Tuesday, August 07, 2007

Bold Borders




According to son Ashley Hicks, one of David Hicks' favorite design tricks was to outline the edges and corners of a room with a contrasting braid or paper (Hicks also liked to apply similar borders on window treatments and upholstered furniture too). The effect is one that is bold and graphic- it visually reinforces the shape of the room. Ruthie Sommers used a similar idea in a room she designed for her husband (above). Wanting to make the room look like it was "tied up like a package", Sommers chose a Hicks style paper for the walls and painted a dark, wide border around the edges of the walls. What intrigued me most about this decorating "device" (to use the words of Ashley Hicks) is that it was used in the former royal palace Kew Palace (England) during the late 18th/ early 19th c. In Princess Elizabeth's room (below), the walls are covered in a green verditer wallpaper, and a Greek key border outlines each wall. How interesting to see this type of decoration used in a historical home, in a mod sixties room, and in a 21st c. California home.


A graphic room designed by David Hicks


Another Hicks designed room; the walls are covered in a blue woolen fabric and the outline is achieved using black braid.


Princess Elizabeth's bedroom at Kew Palace

(Photo at top of Ruthie Sommers' Santa Monica home; courtesy of Cottage Living)

20 comments:

  1. I love this look - it's done to great effect in all these homes. The late Roger Banks Pye used this effect a lot with grograin ribbon - fab.

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  2. Love Princess Elizabeth's room!

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  3. It's such a striking look and it is very interesting to see it used in different homes in different eras.

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  4. Anonymous5:36 PM

    Back in the early 1950s, the decorator Georges Geffroy covered the walls of the fashion designer Christian Dior's living room with willow-green velvet outlined with wide coal-black braid -- with curtains to match!

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  5. Ha! You have written an absolutely wonderful post here! And where do you find all the great vintage photos you post? I love how you use historical references to designs being done today. Thanks for yet another the great read! :)

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  6. Oh, how fantastic is this idea. That Ruthie Sommer's design is just so fun, her husband is a lucky man!!!! Great post Jennifer :)

    ~Kate

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  7. Thanks KC, Courtney, and Ronda!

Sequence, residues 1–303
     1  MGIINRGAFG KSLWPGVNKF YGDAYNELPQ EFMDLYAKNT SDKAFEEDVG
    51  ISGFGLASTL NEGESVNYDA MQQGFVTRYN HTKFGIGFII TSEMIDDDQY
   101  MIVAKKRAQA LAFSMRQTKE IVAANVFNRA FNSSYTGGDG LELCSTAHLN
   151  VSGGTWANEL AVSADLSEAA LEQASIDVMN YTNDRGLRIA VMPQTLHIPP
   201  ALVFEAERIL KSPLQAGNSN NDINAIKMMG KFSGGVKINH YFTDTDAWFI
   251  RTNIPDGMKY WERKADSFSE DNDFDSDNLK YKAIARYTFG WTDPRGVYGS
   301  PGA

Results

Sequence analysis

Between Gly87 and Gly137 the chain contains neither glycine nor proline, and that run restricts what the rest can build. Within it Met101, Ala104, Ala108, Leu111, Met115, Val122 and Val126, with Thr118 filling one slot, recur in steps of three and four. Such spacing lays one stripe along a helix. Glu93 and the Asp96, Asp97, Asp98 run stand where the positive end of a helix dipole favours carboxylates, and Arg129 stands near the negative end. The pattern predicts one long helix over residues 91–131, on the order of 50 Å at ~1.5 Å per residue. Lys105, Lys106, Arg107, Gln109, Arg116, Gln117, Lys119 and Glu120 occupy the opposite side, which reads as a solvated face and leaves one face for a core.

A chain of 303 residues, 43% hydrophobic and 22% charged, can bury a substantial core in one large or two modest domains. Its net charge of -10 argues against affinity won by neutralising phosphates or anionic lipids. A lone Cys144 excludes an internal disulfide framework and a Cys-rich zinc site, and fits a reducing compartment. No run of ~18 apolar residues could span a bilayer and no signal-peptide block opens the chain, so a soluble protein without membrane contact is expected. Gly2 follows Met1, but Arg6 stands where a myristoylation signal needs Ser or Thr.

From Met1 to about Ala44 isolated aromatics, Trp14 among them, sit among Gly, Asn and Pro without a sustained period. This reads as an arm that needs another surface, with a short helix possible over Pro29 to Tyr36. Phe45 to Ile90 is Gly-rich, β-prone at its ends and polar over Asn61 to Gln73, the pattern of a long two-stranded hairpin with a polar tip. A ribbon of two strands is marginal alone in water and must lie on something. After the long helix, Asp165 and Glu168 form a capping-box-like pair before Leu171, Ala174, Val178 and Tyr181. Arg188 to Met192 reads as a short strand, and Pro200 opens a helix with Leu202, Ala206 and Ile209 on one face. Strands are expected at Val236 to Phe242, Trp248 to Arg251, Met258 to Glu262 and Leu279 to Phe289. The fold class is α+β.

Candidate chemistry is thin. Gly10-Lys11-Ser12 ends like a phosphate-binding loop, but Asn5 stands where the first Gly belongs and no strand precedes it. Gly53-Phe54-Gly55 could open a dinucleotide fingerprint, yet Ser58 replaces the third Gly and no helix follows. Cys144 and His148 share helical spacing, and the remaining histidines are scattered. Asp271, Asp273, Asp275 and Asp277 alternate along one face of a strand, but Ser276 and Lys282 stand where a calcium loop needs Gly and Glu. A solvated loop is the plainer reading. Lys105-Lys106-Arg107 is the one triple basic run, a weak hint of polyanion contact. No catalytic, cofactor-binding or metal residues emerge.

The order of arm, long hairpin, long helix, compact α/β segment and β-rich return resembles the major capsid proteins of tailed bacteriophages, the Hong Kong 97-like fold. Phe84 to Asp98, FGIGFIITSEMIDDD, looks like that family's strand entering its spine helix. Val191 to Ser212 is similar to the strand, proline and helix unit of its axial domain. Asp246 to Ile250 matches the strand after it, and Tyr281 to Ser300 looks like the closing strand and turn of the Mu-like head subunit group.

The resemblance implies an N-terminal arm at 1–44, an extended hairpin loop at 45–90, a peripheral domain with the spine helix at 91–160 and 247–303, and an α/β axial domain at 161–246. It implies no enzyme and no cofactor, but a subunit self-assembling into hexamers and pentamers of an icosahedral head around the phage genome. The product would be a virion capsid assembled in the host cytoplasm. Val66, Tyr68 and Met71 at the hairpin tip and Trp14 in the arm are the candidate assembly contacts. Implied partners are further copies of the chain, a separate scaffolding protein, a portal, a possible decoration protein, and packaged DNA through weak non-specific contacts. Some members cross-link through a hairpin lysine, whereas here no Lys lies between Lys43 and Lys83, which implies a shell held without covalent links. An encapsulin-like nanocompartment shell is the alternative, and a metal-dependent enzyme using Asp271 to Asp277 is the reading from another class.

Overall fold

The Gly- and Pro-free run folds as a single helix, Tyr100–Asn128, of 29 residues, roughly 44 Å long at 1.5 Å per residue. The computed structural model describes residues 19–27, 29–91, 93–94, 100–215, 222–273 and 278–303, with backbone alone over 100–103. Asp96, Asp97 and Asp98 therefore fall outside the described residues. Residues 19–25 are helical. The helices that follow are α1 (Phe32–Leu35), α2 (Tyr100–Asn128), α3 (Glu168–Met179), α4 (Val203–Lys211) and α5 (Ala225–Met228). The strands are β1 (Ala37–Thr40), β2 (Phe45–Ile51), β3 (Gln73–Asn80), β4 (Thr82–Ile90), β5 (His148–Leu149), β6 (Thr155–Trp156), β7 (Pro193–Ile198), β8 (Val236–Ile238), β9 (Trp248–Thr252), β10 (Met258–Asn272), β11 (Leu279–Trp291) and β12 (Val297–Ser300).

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  8. Anonymous- Wow! I wish I could see a photo of that. I've tried to find out more about Geffroy but I get very little info on the web. Do you know where I could find out more?

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  9. Katie-Thanks!I saw the photo of Kew Palace, and it reminded me of the Hicks and Sommers rooms.

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  10. What a great post. It looks so great in the Hicks and Somers rooms, and so unexpected in the bedroom at Kew Palace. I love it paired with white and tha Tiffany blue.

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  11. It is a terrfic idea . i've never thouight about that and I 've never seen it before . I keep it in my mind.
    mélanie

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  12. THey all look wonderful. I love the Kew room!

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  13. Wow - I had never seen the picture of Princess Elizabeth's room. Coming from a confirmed Anglophile like me (I collected Royalty related items as a child), that is saying something! Great post.

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  14. These pictures are amazing - how did you put them all together? Great post!

    Joni

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  15. I am in Love with this! I am working on a breakfast room now with crazy floral paper....I think a border like this is perfect!

    Thanks Peak, keep up the amazing job.

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  16. Mark- You should try it and then post a photo on your blog!

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  17. I love this post. I'm very tempted to try this out somewhere...

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  18. Anonymous3:34 PM

    Not too much has been published in English about Georges Geoffroy, other than that he was an old friend of Dior's and got his start as a dress designer at Patou and became a high-society decorator in the late 1940s. He had a hand in the design of the neoclassical library at the British Embassy in Paris (which he created with Carlos de Beistegui and Emilio Terry), and he was a taste and style advisor to Pamela Churchill when she was living in Paris as Elie de Rothschild's mistress (she told me that herself -- Geoffroy helped her do up her apartment). Geoffroy also decorated parts of Alexis de Rédé's apartment at Hôtel Lambert in Paris in the 1940s. Will find out more and let you know.

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  19. Laura- I've never tried it either, but I really want to!

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  20. Anonymous- This is most helpful. I've also done searches on de Beistegui and Terry but info is rather scarce. I do have the recent book written by de Rédé (I made sure to get it when I was in London), so I'll refer to that book tonight. Thank you immensely! You certainly know your design history.

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